The Federal Reserve moved to subject two dozen foreign banks with at least $50 billion of global assets to stricter U.S. capital rules as it attempts to lower risks to the financial system.
The Barclays Plc logo hangs from the top of the company's headquarters in the Canary Wharf business district of in London, U.K.
The Fed proposed that most of the banks also be forced to comply with more-stringent liquidity rules and pass stress tests analyzing how they would fare in a severe economic downturn. The board voted yesterday to seek public comment on the plan for 90 days. It would take effect in July 2015.
Deutsche Bank AG (DBK), based in Frankfurt, and London-based Barclays Plc (BARC) would be among the institutions that would have to keep more easy-to-sell assets in the U.S. and face restrictions on distributing capital to parent companies. The Fed provided $538 billion of emergency loans to the U.S. units of European banks during the financial crisis, almost as much as it did to domestic firms. That increased political pressure on lawmakers and regulators to tighten rules for all lenders.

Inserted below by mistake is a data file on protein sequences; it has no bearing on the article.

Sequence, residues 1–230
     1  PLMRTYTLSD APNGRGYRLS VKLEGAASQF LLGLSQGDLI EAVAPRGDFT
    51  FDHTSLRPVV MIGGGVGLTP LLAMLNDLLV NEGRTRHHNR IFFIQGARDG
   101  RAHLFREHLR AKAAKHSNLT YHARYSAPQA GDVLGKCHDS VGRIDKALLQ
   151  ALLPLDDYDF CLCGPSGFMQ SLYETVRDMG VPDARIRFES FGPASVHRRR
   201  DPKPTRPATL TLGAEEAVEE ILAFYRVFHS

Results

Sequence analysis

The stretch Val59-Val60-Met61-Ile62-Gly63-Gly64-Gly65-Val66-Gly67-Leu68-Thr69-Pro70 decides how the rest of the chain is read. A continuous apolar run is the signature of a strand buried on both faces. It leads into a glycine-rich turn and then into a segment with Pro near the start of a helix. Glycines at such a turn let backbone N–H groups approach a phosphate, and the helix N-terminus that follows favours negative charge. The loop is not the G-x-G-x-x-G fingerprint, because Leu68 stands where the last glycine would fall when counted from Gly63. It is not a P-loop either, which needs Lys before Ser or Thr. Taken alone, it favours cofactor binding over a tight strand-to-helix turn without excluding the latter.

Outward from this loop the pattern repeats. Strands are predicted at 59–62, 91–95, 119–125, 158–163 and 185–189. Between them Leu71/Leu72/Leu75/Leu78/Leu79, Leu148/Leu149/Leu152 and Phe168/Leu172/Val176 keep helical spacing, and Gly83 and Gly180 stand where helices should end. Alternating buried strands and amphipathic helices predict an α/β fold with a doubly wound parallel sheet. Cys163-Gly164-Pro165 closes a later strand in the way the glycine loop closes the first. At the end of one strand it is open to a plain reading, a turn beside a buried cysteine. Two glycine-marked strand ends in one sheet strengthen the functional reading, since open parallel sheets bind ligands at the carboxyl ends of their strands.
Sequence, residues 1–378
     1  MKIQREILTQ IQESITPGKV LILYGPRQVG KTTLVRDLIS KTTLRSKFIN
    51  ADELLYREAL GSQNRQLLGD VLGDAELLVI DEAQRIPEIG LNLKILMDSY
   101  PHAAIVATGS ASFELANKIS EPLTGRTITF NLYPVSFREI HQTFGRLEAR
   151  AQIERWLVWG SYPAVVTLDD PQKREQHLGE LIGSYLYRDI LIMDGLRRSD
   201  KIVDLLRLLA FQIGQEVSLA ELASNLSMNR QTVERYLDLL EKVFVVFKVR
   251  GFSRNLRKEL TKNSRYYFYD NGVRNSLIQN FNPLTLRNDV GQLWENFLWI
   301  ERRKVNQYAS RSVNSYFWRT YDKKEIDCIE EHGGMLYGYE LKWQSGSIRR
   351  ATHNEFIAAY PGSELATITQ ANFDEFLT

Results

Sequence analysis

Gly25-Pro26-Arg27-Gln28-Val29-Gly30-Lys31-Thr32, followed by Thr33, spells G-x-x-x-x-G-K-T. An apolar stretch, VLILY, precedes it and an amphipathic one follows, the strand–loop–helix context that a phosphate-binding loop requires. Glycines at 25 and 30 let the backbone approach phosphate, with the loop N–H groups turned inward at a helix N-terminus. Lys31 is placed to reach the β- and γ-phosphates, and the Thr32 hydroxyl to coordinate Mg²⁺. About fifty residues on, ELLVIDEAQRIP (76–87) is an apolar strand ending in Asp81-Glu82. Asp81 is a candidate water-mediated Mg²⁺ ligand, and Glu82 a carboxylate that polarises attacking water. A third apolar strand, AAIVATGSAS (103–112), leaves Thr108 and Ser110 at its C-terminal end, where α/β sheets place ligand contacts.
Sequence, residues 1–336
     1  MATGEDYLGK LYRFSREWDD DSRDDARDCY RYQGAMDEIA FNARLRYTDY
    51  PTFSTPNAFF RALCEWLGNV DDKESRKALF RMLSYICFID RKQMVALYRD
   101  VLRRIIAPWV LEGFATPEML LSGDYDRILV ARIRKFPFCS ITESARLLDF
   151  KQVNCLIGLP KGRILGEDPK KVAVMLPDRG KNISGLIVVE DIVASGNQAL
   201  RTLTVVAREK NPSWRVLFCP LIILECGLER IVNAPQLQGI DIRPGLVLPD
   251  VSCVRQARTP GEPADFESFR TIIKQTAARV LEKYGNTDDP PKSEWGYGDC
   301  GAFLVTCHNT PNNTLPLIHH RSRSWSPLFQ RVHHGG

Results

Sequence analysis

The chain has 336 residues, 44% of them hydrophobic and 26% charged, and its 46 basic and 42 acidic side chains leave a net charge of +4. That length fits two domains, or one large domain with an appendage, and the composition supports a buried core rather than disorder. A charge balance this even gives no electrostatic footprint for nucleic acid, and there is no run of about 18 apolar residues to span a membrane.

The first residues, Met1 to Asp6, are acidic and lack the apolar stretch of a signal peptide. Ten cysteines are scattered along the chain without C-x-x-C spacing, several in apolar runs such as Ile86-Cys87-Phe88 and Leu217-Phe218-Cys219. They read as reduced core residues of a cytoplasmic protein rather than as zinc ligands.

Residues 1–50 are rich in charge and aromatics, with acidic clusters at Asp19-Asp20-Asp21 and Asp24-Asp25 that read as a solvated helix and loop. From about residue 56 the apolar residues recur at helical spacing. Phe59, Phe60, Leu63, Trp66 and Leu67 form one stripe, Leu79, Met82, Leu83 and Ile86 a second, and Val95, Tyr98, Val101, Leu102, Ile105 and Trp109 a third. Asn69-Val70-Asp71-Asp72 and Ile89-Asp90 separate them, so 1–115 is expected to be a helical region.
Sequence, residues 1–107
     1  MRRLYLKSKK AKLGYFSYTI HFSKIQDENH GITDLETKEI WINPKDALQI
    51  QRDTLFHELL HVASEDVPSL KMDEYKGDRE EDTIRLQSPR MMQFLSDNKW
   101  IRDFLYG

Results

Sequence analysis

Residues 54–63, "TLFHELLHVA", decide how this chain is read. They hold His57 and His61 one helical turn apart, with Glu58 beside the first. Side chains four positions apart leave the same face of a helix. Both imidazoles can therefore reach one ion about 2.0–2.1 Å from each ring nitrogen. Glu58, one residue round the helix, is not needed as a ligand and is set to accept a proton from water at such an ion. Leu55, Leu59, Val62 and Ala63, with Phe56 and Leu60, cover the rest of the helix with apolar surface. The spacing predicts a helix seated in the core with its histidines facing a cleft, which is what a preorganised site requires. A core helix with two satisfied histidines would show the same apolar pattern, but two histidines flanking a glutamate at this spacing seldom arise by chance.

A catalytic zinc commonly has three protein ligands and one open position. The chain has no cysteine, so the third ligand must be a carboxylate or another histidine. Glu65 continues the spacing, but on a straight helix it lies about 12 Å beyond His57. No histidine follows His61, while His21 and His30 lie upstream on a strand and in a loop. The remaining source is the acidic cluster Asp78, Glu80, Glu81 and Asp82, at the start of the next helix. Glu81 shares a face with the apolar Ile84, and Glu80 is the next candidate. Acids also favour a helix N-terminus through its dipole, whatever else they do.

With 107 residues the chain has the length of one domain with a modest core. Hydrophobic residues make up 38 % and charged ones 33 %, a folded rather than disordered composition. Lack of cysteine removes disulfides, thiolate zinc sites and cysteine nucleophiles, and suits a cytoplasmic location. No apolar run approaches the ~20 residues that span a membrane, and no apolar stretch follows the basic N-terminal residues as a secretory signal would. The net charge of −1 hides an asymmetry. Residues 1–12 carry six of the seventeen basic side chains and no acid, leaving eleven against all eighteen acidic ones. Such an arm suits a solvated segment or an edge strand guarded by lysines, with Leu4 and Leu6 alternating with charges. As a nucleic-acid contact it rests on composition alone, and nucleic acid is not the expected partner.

"This is a huge paradigm shift in U.S. regulation of foreign banks operating here," said Kim Olson, a principal at Deloitte & Touche LLP in New York and a former bank supervisor. "This means captive capital and liquidity in the local unit that U.S. regulators can go after during failure."
Lenders with more than $50 billion of global assets and more than $10 billion in the U.S. will be required to house their U.S. businesses, including securities trading, within regulated holding companies. The $10 billion threshold excludes the domestic assets that are connected to a U.S. branch of a bank. About 25 institutions would fall under this requirement, Fed staff said.
Those so-called intermediate holding companies would have to abide by capital rules that already apply to their U.S. counterparts. The new treatment may force foreign banks to inject capital into their U.S. units and limit their ability to move funds across borders.
The proposal is "overly broad and could prompt foreign banks to pull back from the U.S. market, hurting our economy and financial markets," Sally Miller, chief executive officer of the Institute of International Bankers, said in a statement. It would be more appropriate "to concentrate on the very small number of foreign banks whose U.S. operations could actually be considered to present risks to U.S. financial stability."
Source: Bloomberg | Yalman Onaran & Christine Harper